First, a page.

Camy here, your friendly neighborhood Genesis contest coordinator. Well, the contest is now over and the frenzy of assigning judges, emailing judges, confirming receipt of entries, and reassigning entries when judges recognize them has settled down a bit.
(LOL Did that sentence make your head spin?)
Anyway, I thought I’d share a few things that I’ve learned so far this year as head coordinator.
1) Entrants FREAK OUT when they see all the rules and guidelines.
I KNOW there’s a lot of information, but much of it is stuff we’re required to include (as in legally for clarification so we don’t get sued). That’s why there are SO many questions on the FAQ page—those are all details we have to put out there in black and white so no one can say we made a “judgment call” or were “biased” in any way.
So, USE YOUR HEAD and filter out unimportant stuff.
For example, the Genesis is required to include in the rules things like:
“The 2009 ACFW Genesis contest is open to ACFW members unpublished in adult or young adult fiction in the last seven years (no published fiction print works of 20,000 words or more by publishers paying advances, paying royalties, and not offering subsidy contracts). Authors of non-fiction or library bound fiction dissertations are eligible. If you have been published by a small press or electronic book publisher, see the FAQ page for more information about your eligibility.”
Now, doesn’t that make your eyes cross???
But if you look closely, you’ll see: “The 2009 ACFW Genesis contest is open to ACFW members unpublished...”
The rest of the paragraph is about people who HAVE been published—in the last 7 years, and how many words, non fiction and library bound fiction dissertations, etc.
If you have NEVER been published, you can pretty much ignore the rest of the paragraph.
So be smart and filter out what doesn’t pertain to you. The rules won’t seem so daunting that way.
2) People tend to forget until the last minute.
I totally get this. I do this all the time myself.
But this year, approximately 30% of ALL the entries came in the last week before the deadline.
That’s a lot of work that last week for me and the other category coordinators. If we were a bit terse in emails, that’s why.
Also, if there were problems with the entry, entrants didn’t have much time to fix them, and if the problems weren’t fixed, their entries were disqualified. We HATE doing that, but we have to adhere to the Genesis rules.
3) Most people feel that manuscript formatting is like a stick in the eye.
This was something I couldn’t quite relate to, but I saw this frustration a lot in the entrants whom I communicated with.
As most experienced writers know, there’s a publishing industry standard for manuscript formatting. Most contests adhere to the same general guidelines as when you’d submit to an agent or editor: double spaced, 1 inch margins on all sides, header with title and page number, chapters starting on a new page about halfway down.
As head coordinator, I didn’t want to have to disqualify people. One of the most heartbreaking things about RWA’s Golden Heart contest is that they will disqualify you—without refunding your entry fee—if your formatting is not EXACTLY the way they describe in their rules.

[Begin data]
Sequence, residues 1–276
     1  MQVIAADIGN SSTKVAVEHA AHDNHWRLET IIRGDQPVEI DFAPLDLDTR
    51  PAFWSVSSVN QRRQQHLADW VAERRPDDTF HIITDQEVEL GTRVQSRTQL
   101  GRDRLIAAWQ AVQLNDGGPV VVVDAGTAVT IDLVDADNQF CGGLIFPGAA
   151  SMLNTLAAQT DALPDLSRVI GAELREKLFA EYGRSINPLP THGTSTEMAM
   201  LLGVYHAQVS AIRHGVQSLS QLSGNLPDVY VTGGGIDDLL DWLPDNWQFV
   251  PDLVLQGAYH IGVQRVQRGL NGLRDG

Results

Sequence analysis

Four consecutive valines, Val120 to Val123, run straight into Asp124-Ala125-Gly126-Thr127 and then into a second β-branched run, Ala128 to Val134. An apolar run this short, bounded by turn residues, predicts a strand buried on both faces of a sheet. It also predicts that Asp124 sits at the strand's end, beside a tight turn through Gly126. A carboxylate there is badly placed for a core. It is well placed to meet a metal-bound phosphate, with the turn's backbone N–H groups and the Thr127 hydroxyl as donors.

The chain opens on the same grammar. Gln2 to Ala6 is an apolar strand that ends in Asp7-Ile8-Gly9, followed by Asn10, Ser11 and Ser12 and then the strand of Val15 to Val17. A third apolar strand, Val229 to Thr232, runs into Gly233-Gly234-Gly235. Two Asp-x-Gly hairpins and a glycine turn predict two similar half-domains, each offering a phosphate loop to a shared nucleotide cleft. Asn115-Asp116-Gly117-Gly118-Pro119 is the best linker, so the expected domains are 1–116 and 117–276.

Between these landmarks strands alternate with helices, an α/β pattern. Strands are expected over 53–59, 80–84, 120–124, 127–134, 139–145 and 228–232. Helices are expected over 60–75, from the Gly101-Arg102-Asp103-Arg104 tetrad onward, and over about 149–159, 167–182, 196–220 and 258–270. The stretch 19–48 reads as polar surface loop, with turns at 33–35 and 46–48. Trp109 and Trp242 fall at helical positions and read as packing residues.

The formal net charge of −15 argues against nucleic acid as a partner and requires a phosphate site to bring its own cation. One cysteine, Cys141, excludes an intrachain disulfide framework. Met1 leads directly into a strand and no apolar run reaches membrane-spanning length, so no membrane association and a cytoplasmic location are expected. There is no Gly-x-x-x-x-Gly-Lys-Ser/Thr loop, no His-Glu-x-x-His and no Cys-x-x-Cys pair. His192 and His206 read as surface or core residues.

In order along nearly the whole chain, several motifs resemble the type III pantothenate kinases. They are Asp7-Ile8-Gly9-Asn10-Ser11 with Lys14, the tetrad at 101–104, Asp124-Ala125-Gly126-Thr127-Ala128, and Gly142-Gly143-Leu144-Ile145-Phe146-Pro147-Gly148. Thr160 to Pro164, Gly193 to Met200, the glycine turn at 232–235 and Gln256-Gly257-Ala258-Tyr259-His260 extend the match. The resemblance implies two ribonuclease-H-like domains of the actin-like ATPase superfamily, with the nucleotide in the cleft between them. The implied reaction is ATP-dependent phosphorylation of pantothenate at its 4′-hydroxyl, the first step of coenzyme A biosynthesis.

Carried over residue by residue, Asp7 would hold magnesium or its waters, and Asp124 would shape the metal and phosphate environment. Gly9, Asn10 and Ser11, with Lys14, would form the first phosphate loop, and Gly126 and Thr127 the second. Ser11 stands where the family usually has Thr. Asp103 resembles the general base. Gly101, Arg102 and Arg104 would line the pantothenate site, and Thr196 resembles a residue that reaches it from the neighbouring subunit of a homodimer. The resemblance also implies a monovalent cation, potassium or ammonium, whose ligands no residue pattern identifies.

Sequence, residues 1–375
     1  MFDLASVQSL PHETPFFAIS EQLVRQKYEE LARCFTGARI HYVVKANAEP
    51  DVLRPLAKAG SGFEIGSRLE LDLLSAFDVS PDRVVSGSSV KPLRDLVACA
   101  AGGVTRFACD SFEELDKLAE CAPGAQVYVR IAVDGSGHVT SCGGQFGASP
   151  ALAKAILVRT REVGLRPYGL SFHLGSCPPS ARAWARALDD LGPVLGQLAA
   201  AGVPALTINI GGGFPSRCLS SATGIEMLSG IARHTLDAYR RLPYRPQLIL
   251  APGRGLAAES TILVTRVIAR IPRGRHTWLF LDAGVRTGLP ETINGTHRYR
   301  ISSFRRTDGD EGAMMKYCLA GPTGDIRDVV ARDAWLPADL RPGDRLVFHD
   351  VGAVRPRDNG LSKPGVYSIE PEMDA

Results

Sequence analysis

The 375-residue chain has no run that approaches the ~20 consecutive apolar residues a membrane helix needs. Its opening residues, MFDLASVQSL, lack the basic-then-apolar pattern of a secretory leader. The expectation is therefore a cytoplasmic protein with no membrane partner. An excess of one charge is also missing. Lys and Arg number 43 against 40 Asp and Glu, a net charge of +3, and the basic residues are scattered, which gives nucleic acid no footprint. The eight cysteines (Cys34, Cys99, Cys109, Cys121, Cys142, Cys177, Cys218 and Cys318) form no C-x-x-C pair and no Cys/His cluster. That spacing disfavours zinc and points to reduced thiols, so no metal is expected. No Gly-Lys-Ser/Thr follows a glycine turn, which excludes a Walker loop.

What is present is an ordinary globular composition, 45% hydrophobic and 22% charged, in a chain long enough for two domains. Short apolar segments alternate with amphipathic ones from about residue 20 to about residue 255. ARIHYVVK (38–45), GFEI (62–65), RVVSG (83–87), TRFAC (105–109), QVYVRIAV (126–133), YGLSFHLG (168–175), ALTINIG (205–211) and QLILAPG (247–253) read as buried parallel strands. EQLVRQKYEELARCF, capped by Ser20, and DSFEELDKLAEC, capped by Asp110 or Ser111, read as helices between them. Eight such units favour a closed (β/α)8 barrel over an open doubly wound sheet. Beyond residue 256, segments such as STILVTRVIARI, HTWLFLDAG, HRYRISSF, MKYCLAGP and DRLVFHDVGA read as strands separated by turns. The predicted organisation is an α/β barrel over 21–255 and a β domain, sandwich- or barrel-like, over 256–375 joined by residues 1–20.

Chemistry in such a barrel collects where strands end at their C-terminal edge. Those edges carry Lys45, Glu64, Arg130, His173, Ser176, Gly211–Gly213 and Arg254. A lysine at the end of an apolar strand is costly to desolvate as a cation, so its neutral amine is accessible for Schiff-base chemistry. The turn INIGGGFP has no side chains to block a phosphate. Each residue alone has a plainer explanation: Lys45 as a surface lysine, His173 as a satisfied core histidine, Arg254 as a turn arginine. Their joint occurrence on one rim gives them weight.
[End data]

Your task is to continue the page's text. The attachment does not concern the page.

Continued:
The Genesis is not so strict—we will usually try to ask the entrant to correct formatting, if there is time before the deadline. (See point #2 above) We are also nicer in that we’ll usually refund your entry fee if you’re disqualified.
The Genesis had a formatting checklist in TWO different places on the website—at the bottom of the main Rules page and at the top of the FAQ page. So it was rather frustrating when entries came in that weren’t according to formatting guidelines.
The Genesis had formatting guidelines not to cause you pain and suffering. We don’t really enjoy torturing writers, no matter how it looks.
We had formatting guidelines because:
(a) a standard format enables all the entries to be about the same length, and so no entry would have an advantage over the others by being a page or two longer
(b) the contest mimics publishing industry standard formatting guidelines.
(c) the Genesis judges want a standard format that is easiest on their eyes. They’re judging entries on the computer, and anything that reduces eye strain is a good thing.
That being said, there was nothing to prevent a writer from “pimping” their entry. They just needed to read the rules. Writers could add extra lines to their entry by setting it to 25 lines per page rather than double spacing (instructions for how to do this were even given in the Genesis Manuscript Formatting Article). They could also use Times New Roman font to squeeze more words in than with Courier. They could also have the chapter headers come only 1/3 of the way down a fresh page rather than halfway, since that was in the rules and in the Genesis Manuscript Formatting Article. And writers could also include an optional 1-page single spaced synopsis with their entry.
So next year, please make things easier on the coordinators by following proper manuscript formatting.
My Seekerville sisters probably have more quick tips. Anyone want to share?
Camy Tang writes romance with a kick of wasabi. Her novel Single Sashimi is out now, and she runs the Story Sensei critique service. In her spare time, she is a staff worker for her church youth group, and she leads one of the worship teams for Sunday service. On her blog, she gives away Christian novels every Monday and Thursday, and she ponders frivolous things. Sign up for her newsletter YahooGroup for monthly giveaways!